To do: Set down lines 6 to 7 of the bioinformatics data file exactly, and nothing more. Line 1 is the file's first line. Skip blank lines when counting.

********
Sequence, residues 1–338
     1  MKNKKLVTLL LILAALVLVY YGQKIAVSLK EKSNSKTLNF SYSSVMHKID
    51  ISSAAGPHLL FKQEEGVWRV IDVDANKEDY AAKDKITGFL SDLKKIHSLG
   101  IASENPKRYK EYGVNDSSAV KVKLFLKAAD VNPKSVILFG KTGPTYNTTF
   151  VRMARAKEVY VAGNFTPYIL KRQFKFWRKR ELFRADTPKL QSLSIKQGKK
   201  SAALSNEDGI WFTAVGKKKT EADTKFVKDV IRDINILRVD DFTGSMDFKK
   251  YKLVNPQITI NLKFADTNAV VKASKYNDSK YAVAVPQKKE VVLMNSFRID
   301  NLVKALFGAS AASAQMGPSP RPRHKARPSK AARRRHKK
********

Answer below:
   201  SAALSNEDGI WFTAVGKKKT EADTKFVKDV IRDINILRVD DFTGSMDFKK
   251  YKLVNPQITI NLKFADTNAV VKASKYNDSK YAVAVPQKKE VVLMNSFRID